Monday, December 19, 2011

Sharing the Stage... Or, Sacrifice

When I was in kindergarten, I went to Catholic school.  For the Christmas pageant, I was chosen to read the story of the birth of Jesus.  I clearly remember being on stage, reading my little Bible passage and then joining the rest of my classmates in singing Silent Night.  That was the night I fell in love with the stage.  I always had a interest in any kind of public speaking or performing skits throughout elementary and middle school.  In high school, I began performing poetry and I have never stopped - I even have a microphone tattooed on my left bicep and a hummingbird holding a quill on the right one.  When I am on stage, I feel confident and sharing my poetry completes me.  Much of my identity centers on being a poet.

There was a time, years and years ago, when I stopped writing and virtually stopped performing.  I was in a relationship and the person I was with hated the fact that I was a performer. I sacrificed the one thing I have always completely loved because of someone else's insecurities.  The writing stopped because I was miserable.  When I was free from that relationship, poem after poem flowed out of me and I began performing again - and I vowed I would never lose that part of myself again.  I got into another relationship and while he didn't have a problem with me performing, he did try and take credit for my writing (he would tell people he was my inspiration).  He wanted the spotlight but didn't do anything on his own.  I found myself shrinking away from poetry once again because I didn't want him to feel bad, and quite frankly, I was tired of him taking credit for my work.

With Cultura Fuerte, photo by David Martinez 

Once I was single again, I began performing again, in addition to joining a band and I couldn't be happier.  I curate and host a poetry night.  I traveled to San Francisco to perform poetry.  I have met so many wonderful writers, musicians and community members and I love who I have become.  The downside is every time I begin dating someone, I find myself falling into the same pattern: giving up parts of myself because of the man I am dating.  When I was dating Randy, he grew tired of going to events and meeting so many new people all the time.  I invited him to everything and because he liked me, he agreed to go along.  I never thought twice about how this might have affected him (and to be fair, he took a long time to speak up about it).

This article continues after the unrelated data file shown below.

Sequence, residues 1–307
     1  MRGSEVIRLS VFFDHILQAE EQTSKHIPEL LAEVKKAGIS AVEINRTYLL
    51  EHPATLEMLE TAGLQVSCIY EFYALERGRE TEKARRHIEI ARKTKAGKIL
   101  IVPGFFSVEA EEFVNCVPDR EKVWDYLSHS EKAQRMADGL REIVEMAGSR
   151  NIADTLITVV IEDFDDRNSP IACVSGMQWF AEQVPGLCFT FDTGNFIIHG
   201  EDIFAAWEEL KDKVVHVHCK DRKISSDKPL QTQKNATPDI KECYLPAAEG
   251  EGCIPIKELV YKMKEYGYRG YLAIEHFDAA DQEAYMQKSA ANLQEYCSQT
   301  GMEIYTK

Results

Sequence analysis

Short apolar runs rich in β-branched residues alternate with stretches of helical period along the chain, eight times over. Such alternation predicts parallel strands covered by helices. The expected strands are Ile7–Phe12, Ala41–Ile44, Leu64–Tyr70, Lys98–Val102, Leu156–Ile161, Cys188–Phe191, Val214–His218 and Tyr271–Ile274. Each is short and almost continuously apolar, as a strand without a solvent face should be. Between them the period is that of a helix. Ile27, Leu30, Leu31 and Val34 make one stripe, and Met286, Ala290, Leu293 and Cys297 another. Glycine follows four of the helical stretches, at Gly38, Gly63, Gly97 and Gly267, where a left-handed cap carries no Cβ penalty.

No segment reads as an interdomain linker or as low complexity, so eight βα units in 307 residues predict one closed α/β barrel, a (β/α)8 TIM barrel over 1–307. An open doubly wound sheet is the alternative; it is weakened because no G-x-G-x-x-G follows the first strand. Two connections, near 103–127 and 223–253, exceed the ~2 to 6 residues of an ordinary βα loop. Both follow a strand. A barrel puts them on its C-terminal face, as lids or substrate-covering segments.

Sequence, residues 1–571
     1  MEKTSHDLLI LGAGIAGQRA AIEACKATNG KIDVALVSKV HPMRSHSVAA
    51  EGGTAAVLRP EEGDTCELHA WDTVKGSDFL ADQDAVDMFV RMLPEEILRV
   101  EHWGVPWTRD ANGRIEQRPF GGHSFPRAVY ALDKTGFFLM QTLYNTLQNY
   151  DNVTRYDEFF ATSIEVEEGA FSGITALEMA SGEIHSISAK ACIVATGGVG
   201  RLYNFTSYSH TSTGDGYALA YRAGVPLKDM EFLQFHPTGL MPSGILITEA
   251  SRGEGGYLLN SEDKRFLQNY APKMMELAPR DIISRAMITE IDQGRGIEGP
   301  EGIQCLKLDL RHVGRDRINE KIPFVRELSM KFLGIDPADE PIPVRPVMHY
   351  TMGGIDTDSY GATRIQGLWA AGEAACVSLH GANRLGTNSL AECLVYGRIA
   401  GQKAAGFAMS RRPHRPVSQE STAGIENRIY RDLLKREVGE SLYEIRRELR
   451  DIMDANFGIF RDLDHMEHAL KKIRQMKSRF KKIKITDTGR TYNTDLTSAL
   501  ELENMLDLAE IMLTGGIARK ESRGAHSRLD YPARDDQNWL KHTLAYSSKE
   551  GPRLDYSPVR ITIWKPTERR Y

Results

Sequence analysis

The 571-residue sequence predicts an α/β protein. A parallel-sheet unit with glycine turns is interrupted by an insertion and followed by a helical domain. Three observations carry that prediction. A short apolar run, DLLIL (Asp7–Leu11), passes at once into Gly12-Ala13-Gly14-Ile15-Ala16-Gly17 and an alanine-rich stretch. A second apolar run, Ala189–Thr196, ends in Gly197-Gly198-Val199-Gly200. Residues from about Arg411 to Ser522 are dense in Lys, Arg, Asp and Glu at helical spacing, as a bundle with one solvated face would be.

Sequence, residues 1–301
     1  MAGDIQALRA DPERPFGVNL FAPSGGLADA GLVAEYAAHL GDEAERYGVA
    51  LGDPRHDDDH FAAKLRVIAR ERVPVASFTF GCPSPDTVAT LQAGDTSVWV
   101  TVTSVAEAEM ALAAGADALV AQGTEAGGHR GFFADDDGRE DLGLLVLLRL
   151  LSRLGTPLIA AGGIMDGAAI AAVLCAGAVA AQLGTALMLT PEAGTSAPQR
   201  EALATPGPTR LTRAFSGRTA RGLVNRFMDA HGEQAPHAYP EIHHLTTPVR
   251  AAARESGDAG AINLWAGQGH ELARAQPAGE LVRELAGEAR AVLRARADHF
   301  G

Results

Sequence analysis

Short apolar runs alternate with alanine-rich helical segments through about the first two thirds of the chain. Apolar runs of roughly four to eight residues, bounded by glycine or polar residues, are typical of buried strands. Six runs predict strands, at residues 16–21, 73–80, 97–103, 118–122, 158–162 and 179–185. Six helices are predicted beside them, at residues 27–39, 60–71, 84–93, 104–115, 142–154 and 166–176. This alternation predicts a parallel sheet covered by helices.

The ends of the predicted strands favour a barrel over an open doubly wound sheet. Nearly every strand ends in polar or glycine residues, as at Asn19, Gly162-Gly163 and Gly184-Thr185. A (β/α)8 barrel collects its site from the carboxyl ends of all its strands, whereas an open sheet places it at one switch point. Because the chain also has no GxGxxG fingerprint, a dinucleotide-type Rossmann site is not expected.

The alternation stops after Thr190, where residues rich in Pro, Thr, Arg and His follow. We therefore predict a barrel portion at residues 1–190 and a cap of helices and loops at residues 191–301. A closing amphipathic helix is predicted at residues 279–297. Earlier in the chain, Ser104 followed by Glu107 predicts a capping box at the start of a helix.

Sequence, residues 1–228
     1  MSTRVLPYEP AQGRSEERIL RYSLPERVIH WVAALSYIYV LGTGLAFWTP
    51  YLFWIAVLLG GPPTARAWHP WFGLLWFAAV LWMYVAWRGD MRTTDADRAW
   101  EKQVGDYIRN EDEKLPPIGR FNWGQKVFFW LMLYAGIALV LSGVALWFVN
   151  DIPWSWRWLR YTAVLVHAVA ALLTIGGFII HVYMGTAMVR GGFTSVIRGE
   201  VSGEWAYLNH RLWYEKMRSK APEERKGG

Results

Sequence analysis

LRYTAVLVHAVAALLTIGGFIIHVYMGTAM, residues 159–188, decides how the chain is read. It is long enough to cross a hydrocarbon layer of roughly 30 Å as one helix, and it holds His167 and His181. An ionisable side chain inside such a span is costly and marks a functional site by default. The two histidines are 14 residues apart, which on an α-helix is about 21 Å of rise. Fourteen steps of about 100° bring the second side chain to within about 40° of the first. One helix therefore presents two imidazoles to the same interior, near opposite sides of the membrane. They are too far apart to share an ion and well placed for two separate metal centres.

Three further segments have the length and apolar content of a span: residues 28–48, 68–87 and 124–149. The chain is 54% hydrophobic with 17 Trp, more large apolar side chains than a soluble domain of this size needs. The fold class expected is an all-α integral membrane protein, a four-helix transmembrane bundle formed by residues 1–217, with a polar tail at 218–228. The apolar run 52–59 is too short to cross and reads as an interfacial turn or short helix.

There is a balance that has to be struck in relationships, and that balance is hard to find.  A few weeks ago, I was having a conversation with some girlfriends about sacrifice.  How much of ourselves do we sacrifice to be in a relationship?  All three of us are outgoing, love to be out dancing and having fun, and we are performers (in different aspects).  All of us have had problems in relationships because of this.  The question that kept coming up was: how much are you willing to give up to make something work?  There is no easy answer.

Men always seem to be on board initially.  They like the idea of me being a performer.  It's interesting to them and at first, going to shows seems fun (and not having to pay to get in to a show is always a perk).  Once they find out that it really is a part of who I am, however, it becomes a problem.  To quote Randy, "I was used to going to school and work and coming home.  Now, with you, I'm meeting 50 people a night."  He was exaggerating, of course, but there was some truth to what he said - he was at a lot of events with me and meeting a lot of people.  He was pushed completely out of his comfort zone.

In my quest to never give up who I am, I have had a hard time figuring out the balance.  With Astro Boy, I was completely hands off - I didn't pressure him to meet people, and while I invited him to everything, he rarely went, which left me always feeling disappointed (and ultimately led to our break-up).  Refreshingly, A. went to all my shows and always supported me.  Regardless of how things ended, I can't deny the fact that for the first time, I was dating someone who actually enjoyed what I do as a performer.  That's secondary, however, to being with someone who understands me and lets me be who I am all the time, not just when I'm on stage.

Performers aren't the only people who sacrifice in relationships.  How many of us have sacrificed relationships with friends and family because our partners didn't like them, or sacrificed our dreams because they didn't fit the other person's dreams?  How often have we sacrificed our needs for a healthy, loving relationship because we didn't want to lose someone who clearly wasn't a good fit?  Yes, I have sacrificed way more than poetry because I was too afraid to be alone.

After the conversation with my girlfriends, I thought more about being in a relationship and what it means to sacrifice to be in it.  I don't like the term "sacrifice" because it relates to the idea of giving something up. I've given up plenty and I won't do it again, but I am willing to share my life with someone and be in his world as much as he is in mine.  This takes time and patience.  When there is someone special in my life, I want him to be with me at every event I attend, but that isn't always possible.  It's frustrating but I have learned one important lesson: if the times when we are together are magic, why sacrifice that for mediocrity?

When there is happiness, there is no sacrifice.  In fact, it's just the opposite - I gain so much more than I would ever give up.

Next time: Sorry to bug you... 

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